Former AU president passes away at retirement community in DC

Joseph Duffey served as the University’s president in the early 1990s

Former AU president passes away at retirement community in DC
"Joseph Duffey at The Value of Higher Education in Development" by CSIS: Center for Strategic & International Studies is licensed under CC BY-NC-SA 2.0

Former American University President Joseph Duffey, who served from 1991 to 1993, died Feb. 25 at his home in a D.C. retirement community after suffering from an illness, according to his son, Michael. He was 88 years old. 

Serving as president of AU was one of his many leadership roles in education and politics. He previously served as the chancellor of the University of Massachusetts Amherst and president of the University of Massachusetts system. He dedicated over 50 years to the field of education.

“Joe came to American University during a time of great excitement in the early 1990s as we prepared to celebrate our university’s centennial,” President Sylvia Burwell wrote in an email to the AU community. “It was Joe who was responsible for helping to bring President Bill Clinton to campus in 1993 for what would be the first of three visits from President Clinton during his administration, and Joe helped to shine a spotlight on AU at that critical time.”

Born in West Virginia in 1932, Duffey was an anti-war activist who organized Freedom Rides for civil rights in the South and protests against the Vietnam War, according to The New York Times.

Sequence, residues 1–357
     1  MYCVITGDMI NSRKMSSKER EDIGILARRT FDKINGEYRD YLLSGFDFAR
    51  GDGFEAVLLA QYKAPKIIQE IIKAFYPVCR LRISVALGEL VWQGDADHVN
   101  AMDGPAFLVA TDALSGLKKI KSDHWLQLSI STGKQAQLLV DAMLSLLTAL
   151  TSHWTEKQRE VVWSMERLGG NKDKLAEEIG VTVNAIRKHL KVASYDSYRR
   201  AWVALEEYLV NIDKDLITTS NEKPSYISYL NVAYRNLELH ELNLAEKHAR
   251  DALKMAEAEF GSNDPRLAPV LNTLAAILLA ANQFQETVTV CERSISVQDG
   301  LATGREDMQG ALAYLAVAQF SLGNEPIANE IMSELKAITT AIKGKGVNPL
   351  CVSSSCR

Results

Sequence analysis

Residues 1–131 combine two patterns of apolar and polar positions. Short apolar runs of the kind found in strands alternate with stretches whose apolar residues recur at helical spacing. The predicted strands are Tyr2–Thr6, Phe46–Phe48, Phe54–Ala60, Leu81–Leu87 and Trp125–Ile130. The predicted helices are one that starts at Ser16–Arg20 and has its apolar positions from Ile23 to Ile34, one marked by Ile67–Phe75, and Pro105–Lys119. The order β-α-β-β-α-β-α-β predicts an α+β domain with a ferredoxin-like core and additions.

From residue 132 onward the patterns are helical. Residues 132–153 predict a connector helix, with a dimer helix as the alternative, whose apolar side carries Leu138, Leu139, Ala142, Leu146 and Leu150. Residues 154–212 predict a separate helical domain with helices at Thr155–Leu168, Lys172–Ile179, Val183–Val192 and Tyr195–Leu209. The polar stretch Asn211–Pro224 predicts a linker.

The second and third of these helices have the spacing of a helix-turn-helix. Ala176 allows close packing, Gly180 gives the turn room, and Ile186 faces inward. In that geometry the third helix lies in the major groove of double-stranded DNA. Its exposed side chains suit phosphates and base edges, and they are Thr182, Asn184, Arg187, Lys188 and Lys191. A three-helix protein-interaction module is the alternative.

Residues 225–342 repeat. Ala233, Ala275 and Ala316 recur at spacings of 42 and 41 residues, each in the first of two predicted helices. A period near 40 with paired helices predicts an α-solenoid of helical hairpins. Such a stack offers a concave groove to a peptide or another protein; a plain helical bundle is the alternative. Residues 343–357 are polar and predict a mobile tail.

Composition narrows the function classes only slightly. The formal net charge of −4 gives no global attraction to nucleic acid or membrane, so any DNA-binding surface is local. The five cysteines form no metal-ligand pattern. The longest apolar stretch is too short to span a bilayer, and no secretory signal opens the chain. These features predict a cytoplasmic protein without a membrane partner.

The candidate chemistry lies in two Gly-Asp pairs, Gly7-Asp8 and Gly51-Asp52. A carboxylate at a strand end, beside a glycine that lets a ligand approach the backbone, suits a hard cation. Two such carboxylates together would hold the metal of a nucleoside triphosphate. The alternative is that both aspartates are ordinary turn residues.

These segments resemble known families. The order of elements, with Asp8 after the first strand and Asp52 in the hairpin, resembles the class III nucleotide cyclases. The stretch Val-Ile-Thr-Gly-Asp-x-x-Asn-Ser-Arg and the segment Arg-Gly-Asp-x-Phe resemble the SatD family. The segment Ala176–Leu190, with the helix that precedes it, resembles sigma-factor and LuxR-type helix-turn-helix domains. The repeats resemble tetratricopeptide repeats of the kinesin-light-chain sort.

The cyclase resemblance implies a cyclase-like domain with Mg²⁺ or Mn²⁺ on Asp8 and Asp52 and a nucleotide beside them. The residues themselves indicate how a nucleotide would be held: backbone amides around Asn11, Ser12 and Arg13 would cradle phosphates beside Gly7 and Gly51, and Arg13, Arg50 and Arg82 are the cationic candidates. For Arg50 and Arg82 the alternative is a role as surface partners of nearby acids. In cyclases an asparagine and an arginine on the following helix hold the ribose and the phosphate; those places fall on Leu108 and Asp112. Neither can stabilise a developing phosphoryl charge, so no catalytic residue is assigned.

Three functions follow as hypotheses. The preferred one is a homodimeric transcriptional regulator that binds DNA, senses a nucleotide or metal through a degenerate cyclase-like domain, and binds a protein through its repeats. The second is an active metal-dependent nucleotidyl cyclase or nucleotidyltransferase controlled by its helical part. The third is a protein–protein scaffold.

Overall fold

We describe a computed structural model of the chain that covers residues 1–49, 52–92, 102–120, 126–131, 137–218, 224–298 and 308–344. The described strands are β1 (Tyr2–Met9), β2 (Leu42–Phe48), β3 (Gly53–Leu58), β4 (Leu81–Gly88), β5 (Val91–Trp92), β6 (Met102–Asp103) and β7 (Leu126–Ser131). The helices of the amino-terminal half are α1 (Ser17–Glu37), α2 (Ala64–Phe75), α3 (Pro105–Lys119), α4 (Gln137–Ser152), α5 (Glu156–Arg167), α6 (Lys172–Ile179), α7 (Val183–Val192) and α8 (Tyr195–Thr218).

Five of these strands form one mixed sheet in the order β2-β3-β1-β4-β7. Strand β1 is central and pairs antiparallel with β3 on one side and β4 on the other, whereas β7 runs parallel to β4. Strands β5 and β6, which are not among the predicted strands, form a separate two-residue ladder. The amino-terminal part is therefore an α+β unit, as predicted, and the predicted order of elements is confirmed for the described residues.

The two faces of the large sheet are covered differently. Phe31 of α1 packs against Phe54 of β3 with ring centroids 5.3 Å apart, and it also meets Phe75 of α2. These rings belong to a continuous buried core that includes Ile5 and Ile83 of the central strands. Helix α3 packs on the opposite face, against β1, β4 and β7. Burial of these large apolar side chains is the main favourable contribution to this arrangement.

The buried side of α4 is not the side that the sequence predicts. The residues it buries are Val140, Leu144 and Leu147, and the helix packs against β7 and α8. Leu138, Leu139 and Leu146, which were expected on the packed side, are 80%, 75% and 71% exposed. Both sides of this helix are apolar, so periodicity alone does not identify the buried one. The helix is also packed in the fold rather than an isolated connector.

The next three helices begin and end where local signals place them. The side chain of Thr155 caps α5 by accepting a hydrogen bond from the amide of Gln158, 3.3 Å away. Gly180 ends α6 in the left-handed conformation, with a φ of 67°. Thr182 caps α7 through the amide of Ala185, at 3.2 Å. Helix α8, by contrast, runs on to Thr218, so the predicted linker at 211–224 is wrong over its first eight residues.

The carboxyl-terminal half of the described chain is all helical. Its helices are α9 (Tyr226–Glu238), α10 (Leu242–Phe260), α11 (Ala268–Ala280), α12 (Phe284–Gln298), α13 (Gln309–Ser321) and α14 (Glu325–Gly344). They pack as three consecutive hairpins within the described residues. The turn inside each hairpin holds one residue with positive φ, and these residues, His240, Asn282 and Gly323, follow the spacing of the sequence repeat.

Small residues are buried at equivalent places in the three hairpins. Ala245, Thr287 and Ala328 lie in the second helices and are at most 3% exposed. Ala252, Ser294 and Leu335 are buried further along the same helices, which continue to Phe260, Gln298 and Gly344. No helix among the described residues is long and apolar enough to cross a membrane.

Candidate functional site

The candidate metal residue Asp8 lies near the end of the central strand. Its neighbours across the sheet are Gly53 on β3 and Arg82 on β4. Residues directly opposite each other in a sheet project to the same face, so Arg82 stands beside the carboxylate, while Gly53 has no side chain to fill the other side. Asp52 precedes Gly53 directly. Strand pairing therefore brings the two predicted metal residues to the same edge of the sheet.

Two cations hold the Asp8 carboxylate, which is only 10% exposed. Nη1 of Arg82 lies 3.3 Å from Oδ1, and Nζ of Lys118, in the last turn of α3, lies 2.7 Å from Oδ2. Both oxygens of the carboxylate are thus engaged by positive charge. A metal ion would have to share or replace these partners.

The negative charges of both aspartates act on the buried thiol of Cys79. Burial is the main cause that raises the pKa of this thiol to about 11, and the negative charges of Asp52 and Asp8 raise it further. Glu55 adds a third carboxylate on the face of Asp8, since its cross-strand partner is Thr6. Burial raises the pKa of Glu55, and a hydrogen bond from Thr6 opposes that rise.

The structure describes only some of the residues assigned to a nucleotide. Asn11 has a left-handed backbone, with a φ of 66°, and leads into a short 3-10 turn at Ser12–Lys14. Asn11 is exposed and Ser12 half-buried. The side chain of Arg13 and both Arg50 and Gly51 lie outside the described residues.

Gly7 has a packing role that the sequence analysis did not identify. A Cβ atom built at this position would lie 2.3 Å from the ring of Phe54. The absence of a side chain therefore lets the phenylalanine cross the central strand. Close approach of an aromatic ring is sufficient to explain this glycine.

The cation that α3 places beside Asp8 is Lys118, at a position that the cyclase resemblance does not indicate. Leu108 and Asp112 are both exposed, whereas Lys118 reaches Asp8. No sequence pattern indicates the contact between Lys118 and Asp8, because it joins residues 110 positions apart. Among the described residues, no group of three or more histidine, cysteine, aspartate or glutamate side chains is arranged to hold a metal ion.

Duffey ran for U.S. Senate in 1970 as a Democrat in Connecticut but lost to Republican Lowell Weicker. Despite this loss, Duffey’s Senate race gave him national recognition as a prominent anti-war activist. He later went on to serve in the Jimmy Carter and Clinton administrations, where he dedicated much of his work to the humanities. He served for five years as the chairman of the National Endowment for the Humanities. 

The agency’s Acting Chairman Adam Wolfson said Duffey wholeheartedly believed that the humanities could impact Americans, no matter their backgrounds. Duffey also worked to raise the number of grants awarded to people of color and expressed his support for social history.

“Duffey was a great friend of the humanities,” Wolfson said. “He believed not only in the power of ideas but in the power of all Americans to take part in a broad culture made rich and stimulating through humanistic influence.”

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